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Fraser: Guidelines on what a linesman can or cannot call

Kerry Fraser
11/18/2011 6:20:04 PM
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Got a question on rule clarification, comments on rule enforcements or some memorable NHL stories? Kerry Fraser wants to answer your emails at cmonref@tsn.ca!

Mr. Fraser,
 
Late during the Avalanche and Wild game tonight there was a high-sticking incident that went unnoticed by the referees. As Cal Clutterbuck was falling to the ice near the boards he swung his stick and clipped Jay McClement. As I have already stated, it went unnoticed by the referees, but apparently not the linesman.
 
The play with Clutterbuck and McClement occurred directly in front of one of the linesman who was looking (or so it seemed anyways) directly at the infraction that Clutterbuck committed, but no penalty was called. I know there are certain circumstances where linesmen can assist the referee in making a call (too many men, delay of game, etc), but what is the guideline that defines those circumstances? It is frustrating as a fan (especially tonight as an Avs fan) to see a linesman stare at a player while they commit a penalty, but cannot do anything about it.
 
Thanks,
Jake Travis
Rusagonis, New Brunswick

 
Jake:

Rule 32.4 allows the linesman to stop play and report to the referee "when it is apparent that an injury resulted from a high-stick that has gone undetected by the Referees and requires the assessment of a double-minor penalty."

Linesman Michel Cormier clearly observed Cal Clutterbuck's errant stick that clubbed Jay McClement in the head as Clutterbuck finished his check.  Cormier immediately moved off his position on the boards and is seen checking out McClement for any evidence of injury. None was to be found.

Fortunately for Jay McClement, his helmet and visor took the direct impact of the blow from Clutterbuck's stick and saved him from being cut or worse.  Since no injury could be detected by the linesman, Cormier had no alternative but to allow play to continue. 

On the ensuing rush up ice, Devin Setoguchi scored his 6th goal of the season from Dany Heatley and Mikko Koivu to win the game for the Wild. Following Setoguchi's goal, the camera panned to Jay McClement on the Avs' bench.  There was no visible evidence of injury to his face.

Michel Cormier did exactly what is called for under the rules and since linesmen are unable to assess a two minute penalty for high-sticking, it becomes a missed or uncalled infraction. Here's why the coverage on the play broke down.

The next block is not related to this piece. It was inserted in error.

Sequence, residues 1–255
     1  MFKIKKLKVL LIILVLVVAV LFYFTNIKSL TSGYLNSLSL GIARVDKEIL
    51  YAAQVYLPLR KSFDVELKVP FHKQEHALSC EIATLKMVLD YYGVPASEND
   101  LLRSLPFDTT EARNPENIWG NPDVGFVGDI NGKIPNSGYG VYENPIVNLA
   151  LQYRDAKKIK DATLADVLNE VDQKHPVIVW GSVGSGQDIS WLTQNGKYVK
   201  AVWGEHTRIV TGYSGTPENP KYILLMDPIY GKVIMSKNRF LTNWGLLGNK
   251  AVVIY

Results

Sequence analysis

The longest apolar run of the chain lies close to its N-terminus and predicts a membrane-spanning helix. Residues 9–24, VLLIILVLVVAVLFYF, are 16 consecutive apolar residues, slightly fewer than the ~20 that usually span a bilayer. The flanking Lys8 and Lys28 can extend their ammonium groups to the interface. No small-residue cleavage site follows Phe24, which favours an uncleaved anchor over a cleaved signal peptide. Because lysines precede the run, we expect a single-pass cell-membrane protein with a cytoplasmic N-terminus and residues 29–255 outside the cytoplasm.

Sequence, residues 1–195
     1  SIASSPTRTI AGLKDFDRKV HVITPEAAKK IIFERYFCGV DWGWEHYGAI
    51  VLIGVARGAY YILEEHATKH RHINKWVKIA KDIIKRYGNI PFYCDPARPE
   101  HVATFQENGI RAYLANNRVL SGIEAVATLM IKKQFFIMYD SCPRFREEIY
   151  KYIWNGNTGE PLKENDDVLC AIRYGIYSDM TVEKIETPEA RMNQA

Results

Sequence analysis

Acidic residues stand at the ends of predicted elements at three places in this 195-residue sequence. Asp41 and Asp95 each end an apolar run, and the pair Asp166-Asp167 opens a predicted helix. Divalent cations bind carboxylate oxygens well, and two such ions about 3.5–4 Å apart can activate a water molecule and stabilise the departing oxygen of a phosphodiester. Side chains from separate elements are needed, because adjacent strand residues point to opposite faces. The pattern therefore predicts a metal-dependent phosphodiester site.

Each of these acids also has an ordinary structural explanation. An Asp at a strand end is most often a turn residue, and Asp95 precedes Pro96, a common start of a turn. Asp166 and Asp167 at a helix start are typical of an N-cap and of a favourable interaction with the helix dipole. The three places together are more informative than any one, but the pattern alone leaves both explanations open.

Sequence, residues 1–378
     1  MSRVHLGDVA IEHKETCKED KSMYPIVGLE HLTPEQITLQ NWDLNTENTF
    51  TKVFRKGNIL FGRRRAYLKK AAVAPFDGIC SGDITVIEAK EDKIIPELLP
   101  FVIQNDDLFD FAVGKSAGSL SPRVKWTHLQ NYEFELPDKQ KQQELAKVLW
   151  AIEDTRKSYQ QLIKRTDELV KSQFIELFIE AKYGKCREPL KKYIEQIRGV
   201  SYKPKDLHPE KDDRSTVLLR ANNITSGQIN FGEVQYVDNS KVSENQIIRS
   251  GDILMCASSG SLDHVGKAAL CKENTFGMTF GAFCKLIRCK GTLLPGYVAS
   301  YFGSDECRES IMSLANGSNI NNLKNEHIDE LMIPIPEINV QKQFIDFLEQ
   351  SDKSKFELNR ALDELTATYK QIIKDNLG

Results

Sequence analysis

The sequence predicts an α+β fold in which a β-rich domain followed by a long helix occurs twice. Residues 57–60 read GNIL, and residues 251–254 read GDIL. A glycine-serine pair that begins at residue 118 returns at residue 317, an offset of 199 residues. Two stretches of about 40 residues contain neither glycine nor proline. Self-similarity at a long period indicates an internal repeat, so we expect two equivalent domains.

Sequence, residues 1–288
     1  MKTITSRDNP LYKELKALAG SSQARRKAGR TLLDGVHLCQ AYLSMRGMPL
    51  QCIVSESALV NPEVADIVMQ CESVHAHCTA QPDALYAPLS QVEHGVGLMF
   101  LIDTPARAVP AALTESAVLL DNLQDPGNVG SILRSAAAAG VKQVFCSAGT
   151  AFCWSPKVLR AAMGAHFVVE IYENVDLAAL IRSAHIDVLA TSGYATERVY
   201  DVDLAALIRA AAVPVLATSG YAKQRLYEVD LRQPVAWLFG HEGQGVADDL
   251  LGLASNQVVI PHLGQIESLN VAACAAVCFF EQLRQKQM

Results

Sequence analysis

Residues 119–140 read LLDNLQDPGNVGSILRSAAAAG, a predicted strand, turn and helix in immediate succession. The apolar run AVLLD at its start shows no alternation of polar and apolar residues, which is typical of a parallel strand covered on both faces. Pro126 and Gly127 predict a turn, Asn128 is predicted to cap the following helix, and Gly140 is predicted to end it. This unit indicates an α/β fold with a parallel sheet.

When Jay McClement chipped the puck into the Wild end zone from in front of the players' bench, the visual focus of the lead referee shifted too quickly from the puck carrier (McClement) and into the Wild end zone where two Minnesota defensemen turned to retrieve the puck behind the Wild net.

Since Colorado had not yet established pressure on the fore-check, the lead referee (positioned across the ice and inside the Minnesota blue line) should have remained focused on the finish of the check that was being delivered by Cal Clutterbuck

The other referee trailing the play on the same side of the ice as the hit was primarily responsible for the action away from the puck so his focus was elsewhere at the point of contact.

This transition created a gap in coverage when neither referee was focused on Cal Clutterbuck.  As a result the high-sticking infraction was missed. 

To avoid gaps of coverage when play transitions, the referees must communicate their individual responsibility so that one of them is focused on the finishing of a check and not following the path of the puck.

The reality of the situation is that things happen fast out there and on occasion infractions are missed. Refs are human and mistakes are made.

This explanation might be of little consolation for the frustration you felt over the Avalanche loss.  I trust, however, that it provides you with some understanding as to why the linesman was unable to assess a penalty on the play and how this type of call can go undetected.

Kerry Fraser

Kerry Fraser


Kerry Fraser is an analyst for the NHL on TSN and That's Hockey 2Nite on TSN2. As one of the league's most recognizable senior referees, he's worked 1,904 NHL regular season games and 261 playoff games during his 37-year career.


Got a question on rule clarification, comments on rule enforcements or some memorable NHL stories? Kerry wants to answer your emails at cmonref@tsn.ca!


You can also follow Kerry Fraser on Twitter at @kfraserthecall!

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